For smaller amounts contact Angel Investors. A Google search will deliver a list of Angel networks, or some research on LinkedIn. Then dig into each one to see if you meet their criteria. But do also ask your network for recommendations and introductions, and approach your family and friends for help if they’re a good fit. These small amounts add up – and can help give you seed that will attract a bigger fish later.
Fundraising is an art, not a science; you can be lucky or unlucky
5: Make contact and ensure you follow up
Target your funders carefully, do some background research on them so that you know you are contacting the right people, check that your business is in their sphere of interest and at the right stage for them, and that the amount of money you are looking for is appropriate for them.
Fundraising is an art, not a science; you can be lucky or unlucky. So, make sure you contact enough funders to manage your own luck and tap into as many people as possible.
Once you have drawn up your list of people to contact – work through it systematically and methodically – and always follow up!
6: Prepare the right information for the right stage in the process
It is essential to prepare a one-page summary of the opportunity. Too much information is not helpful. This document should include a summary of the opportunity; what investment is being sought and what kind of business is going to be generated as a result, including a potential return if it’s possible to identify that. It must be an accurate summary of the business, be clear, concise and easy to read and understand.
Once a potential funder is interested they will then want more information. Approach this as a sales document/pitch. It must be able to work on its own – and not require you to be standing there explaining it.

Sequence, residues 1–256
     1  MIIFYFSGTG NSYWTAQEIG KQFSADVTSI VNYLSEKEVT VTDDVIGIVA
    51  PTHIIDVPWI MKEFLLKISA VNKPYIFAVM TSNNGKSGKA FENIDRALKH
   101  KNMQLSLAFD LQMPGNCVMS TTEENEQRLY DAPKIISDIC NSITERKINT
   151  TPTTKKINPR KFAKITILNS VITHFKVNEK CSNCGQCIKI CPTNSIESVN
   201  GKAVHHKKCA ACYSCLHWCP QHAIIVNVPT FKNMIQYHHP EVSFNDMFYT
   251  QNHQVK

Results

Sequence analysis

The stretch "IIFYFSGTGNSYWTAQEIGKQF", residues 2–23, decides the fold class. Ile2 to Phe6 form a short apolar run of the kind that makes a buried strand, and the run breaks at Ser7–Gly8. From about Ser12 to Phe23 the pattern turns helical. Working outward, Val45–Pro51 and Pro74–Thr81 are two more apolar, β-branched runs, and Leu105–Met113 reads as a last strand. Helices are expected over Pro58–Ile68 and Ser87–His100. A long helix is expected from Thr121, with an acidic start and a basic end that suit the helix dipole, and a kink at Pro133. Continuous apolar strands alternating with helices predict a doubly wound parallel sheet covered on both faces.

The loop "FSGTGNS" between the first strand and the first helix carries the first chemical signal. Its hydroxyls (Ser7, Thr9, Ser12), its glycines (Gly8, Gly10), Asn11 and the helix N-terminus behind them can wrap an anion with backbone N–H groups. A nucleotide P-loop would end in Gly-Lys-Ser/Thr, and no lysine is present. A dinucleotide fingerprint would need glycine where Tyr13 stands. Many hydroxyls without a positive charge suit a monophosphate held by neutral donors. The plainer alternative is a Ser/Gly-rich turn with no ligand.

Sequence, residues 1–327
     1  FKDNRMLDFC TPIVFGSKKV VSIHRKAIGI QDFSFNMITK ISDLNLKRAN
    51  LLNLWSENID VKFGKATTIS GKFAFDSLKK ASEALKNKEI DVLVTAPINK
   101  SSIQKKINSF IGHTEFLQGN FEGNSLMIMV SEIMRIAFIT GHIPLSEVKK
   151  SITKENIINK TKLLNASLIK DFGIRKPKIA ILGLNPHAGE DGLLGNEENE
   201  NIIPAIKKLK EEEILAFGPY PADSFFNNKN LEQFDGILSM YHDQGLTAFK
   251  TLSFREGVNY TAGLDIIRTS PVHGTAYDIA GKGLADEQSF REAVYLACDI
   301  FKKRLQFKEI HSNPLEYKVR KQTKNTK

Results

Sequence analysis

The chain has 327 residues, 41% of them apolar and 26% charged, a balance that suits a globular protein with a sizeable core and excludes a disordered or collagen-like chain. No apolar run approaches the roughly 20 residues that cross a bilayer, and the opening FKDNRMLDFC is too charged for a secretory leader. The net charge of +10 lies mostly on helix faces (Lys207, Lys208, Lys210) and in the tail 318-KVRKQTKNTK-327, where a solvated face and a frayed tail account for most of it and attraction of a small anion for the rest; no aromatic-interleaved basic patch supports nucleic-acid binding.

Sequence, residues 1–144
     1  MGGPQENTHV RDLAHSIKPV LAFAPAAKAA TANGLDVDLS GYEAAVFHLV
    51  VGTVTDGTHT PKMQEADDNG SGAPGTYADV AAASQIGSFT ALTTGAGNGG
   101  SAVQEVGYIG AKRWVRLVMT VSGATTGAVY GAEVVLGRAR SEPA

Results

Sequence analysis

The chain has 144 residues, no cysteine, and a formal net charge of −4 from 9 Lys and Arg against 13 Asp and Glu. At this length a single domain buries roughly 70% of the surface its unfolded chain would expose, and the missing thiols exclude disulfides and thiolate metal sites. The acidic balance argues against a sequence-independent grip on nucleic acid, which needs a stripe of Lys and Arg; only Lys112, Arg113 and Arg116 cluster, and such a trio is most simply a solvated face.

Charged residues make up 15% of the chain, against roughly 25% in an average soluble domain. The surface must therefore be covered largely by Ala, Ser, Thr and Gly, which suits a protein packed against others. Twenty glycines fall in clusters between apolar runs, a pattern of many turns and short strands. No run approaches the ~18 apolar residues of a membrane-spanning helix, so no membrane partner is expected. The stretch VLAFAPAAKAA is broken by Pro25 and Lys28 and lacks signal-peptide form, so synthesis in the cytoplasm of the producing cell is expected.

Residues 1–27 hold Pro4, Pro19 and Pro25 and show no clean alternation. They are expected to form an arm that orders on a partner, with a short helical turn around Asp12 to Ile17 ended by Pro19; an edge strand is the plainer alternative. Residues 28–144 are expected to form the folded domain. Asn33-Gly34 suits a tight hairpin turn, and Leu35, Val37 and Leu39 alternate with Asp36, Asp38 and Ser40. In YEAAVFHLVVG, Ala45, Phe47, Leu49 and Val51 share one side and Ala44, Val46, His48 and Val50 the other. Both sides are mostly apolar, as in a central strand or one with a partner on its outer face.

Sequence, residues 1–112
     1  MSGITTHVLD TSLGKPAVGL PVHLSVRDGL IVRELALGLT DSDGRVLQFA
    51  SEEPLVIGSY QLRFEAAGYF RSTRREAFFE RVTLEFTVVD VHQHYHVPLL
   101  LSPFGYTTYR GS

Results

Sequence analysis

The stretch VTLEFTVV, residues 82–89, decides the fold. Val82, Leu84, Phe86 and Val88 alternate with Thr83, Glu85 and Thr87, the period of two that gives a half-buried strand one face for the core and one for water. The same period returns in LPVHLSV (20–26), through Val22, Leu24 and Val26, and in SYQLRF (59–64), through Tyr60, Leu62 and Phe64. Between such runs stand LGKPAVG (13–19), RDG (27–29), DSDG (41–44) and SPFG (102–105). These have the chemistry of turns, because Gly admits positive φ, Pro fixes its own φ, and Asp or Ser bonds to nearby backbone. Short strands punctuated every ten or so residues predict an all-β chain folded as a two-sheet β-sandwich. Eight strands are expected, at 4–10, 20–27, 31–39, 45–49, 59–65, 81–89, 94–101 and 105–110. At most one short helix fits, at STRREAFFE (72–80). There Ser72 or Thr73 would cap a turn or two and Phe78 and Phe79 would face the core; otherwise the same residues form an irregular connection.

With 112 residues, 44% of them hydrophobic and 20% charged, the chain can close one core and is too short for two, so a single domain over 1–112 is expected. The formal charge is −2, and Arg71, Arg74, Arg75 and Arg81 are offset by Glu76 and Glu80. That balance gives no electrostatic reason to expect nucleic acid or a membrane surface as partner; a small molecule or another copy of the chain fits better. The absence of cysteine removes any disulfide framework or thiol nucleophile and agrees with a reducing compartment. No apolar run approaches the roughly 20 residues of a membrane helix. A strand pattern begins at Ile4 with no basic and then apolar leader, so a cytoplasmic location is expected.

It needs to answer the following:
• What is the business?
• Who are the management team?
• What is the market size?
• What is the opportunity within the market?
• How much money is needed?
• What is the money going to be spent on?
• What kind of business will be created post investment?
7. Take your team with you
Yes, the people at the top are important, but investors like to see the team as it is team they will be backing – not an individual. Don’t go on your own to a meeting with a funder – this can use up valuable time when a team approach would be more successful and efficient.
With the team at the first meeting, the funder’s questions can be answered. If they aren’t there, then you’re down to an inefficient and long-winded process of following up – and a chance for the funder to go ‘off the boil’.
By following the steps above, you are more likely to be successful at raising the money you need for your business. Preparation, putting in the necessary time, and perseverance are all key aspects of the funding raising process.
ABOUT THE AUTHOR
Clive Hyman FCA is founder of Hyman Capital Services offering expertise in due diligence and managing change in business including raising equity and debt capital, mergers and acquisitions, interim management, board management and governance, deal structuring, and company turnaround.